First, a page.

The search for the Higgs boson — a theorized particle that is believed to provide for mass to the basic building blocks of matter — began more than two decades ago.
The Higgs boson was first predicted by a group of physicists that included Peter Ware Higgs, now an emeritus professor at the University of Edinburgh in the United Kingdom. When Nobel laureate Leon Lederman authored a book on the search, the publishing company dubbed it "the God particle" to generate interest; while the term has stuck, many scientists avoid it.
The research effort at the Large Hadron Collider, located on and under the Swiss-French border, includes a group of University of Oregon scientists, who are part of the ATLAS group.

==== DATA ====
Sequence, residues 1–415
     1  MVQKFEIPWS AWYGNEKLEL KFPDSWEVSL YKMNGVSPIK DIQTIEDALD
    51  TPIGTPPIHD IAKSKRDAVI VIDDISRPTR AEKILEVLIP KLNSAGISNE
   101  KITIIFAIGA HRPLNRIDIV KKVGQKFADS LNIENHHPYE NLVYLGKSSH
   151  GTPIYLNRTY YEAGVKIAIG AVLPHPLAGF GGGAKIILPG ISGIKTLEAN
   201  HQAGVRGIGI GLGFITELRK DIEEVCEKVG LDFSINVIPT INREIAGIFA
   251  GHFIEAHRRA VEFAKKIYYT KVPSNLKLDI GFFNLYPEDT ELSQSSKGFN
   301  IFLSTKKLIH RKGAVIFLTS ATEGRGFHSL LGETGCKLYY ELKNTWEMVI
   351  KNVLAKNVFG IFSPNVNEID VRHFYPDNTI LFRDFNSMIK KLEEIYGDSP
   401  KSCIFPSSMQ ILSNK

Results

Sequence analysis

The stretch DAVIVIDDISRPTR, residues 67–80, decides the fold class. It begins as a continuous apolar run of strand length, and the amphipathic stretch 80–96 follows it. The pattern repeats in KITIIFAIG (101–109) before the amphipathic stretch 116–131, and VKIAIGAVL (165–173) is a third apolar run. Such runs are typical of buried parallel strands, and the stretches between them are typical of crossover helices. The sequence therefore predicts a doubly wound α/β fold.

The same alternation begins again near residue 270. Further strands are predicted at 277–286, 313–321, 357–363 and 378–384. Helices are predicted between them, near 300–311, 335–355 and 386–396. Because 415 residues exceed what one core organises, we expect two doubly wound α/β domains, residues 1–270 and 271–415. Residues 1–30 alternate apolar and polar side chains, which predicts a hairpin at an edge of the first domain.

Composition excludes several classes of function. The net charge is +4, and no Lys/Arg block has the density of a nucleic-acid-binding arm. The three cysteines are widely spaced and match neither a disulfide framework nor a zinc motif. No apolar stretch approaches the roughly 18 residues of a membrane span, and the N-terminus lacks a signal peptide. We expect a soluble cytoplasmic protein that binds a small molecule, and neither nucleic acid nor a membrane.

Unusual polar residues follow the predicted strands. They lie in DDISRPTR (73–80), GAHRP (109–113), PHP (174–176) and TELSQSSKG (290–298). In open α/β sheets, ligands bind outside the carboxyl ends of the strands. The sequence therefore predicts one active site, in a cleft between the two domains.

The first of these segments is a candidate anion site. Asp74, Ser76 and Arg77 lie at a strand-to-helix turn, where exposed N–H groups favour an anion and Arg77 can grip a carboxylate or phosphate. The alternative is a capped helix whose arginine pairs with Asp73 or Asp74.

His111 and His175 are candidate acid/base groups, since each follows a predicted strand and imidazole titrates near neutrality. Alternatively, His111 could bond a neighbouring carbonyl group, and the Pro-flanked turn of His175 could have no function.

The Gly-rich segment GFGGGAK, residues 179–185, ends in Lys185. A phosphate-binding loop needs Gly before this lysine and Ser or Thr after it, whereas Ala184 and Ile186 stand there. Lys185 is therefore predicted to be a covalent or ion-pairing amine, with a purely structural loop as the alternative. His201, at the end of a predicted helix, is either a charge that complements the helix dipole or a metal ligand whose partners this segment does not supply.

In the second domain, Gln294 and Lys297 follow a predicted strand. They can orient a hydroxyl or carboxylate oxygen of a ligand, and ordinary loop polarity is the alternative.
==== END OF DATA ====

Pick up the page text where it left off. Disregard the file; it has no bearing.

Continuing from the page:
This group is led by faculty members Jim Brau, David Strom, Ray Frey and Eric Torrence.
Others are Nick Sinev, a senior research associate, postdoctoral researchers Mansoora Shamim and Chris Potter, and graduate students Elizabeth (Liza) Brost, Elizabeth Ptacek, Peter Radloff, Andreas Reinsch and Jacob Searcy. Strom is now the ATLAS trigger coordinator.
Strom, Shamin, Reinsch and Brost currently reside at CERN and work on the ATLAS experiment. Potter, Searcy and Ptacek previously had lived on site.
A new member will join the UO membership in the fall, when Stephanie Majewski arrives as an assistant professor. Majewski, who earned her doctorate in 2007 from Stanford University, currently is at CERN as a member of the team from Brookhaven National Laboratory.
The Oregon experimental High Energy Physics group was established in 1988 with the goal of contributing to the search and discovery of the Higgs boson.
"Now, after nearly a quarter century of the Oregon group's existence, we are on the threshold of the sensitivity needed to address this significant topic," Brau said. "We are excited."